We present an analysis of ice nucleation kinetics from near-ambient pressure water as temperature decreases below the homogeneous limit TH by cooling micrometer-sized droplets (microdroplets) evaporatively at 103-104 K/s and probing the structure ultrafast using femtosecond pulses from the Linac Coherent Light Source (LCLS) free-electron X-ray laser. Below 232 K, we observed a slower nucleation rate increase with decreasing temperature than anticipated from previous measurements, which we suggest is due to the rapid decrease in water's diffusivity. This is consistent with earlier findings that microdroplets do not crystallize at <227 K, but vitrify at cooling rates of 106-107 K/s. We also hypothesize that the slower increase in the nucleation rate is connected with the proposed "fragile-to-strong" transition anomaly in water.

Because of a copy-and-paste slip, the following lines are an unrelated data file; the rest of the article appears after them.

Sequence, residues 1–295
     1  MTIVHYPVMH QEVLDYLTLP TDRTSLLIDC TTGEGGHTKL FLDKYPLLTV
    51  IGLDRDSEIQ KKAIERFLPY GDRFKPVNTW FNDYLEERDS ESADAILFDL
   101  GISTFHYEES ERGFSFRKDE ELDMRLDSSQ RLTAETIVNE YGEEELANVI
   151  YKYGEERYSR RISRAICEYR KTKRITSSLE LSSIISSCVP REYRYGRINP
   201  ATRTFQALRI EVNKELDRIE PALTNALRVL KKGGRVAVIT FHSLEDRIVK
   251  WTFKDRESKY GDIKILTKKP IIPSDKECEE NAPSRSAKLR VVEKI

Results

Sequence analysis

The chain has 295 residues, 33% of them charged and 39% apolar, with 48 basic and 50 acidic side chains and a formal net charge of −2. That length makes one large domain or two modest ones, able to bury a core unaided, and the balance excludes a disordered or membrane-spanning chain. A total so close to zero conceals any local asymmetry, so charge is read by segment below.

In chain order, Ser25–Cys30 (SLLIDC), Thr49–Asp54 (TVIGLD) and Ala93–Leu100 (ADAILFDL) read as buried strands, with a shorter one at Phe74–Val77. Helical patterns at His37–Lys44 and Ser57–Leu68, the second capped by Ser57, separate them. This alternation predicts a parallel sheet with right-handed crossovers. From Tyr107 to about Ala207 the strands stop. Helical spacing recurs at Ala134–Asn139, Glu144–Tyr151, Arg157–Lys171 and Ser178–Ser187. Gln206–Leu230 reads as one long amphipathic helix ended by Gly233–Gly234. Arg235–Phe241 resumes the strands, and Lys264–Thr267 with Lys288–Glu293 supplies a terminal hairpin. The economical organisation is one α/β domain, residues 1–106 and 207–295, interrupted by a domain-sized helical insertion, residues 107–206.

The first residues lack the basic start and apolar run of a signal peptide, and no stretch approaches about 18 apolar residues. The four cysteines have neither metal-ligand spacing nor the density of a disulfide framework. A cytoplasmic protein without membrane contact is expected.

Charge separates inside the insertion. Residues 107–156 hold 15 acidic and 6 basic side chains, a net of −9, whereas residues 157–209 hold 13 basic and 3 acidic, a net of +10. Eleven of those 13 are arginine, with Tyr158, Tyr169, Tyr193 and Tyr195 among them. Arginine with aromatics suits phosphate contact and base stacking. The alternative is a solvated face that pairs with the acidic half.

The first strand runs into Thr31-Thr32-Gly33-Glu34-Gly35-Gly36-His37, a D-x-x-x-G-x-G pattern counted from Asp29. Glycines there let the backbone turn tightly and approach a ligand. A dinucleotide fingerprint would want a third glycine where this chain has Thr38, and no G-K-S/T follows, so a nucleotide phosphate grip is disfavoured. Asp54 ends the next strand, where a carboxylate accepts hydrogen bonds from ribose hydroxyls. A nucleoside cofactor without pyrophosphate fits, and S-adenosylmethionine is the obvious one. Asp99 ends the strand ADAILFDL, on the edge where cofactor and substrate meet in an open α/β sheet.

- X-ray free-electron laser
- fragile to strong liquid transition
- homogeneous ice nucleation
- supercooled water
ASJC Scopus subject areas
- General Materials Science
- Physical and Theoretical Chemistry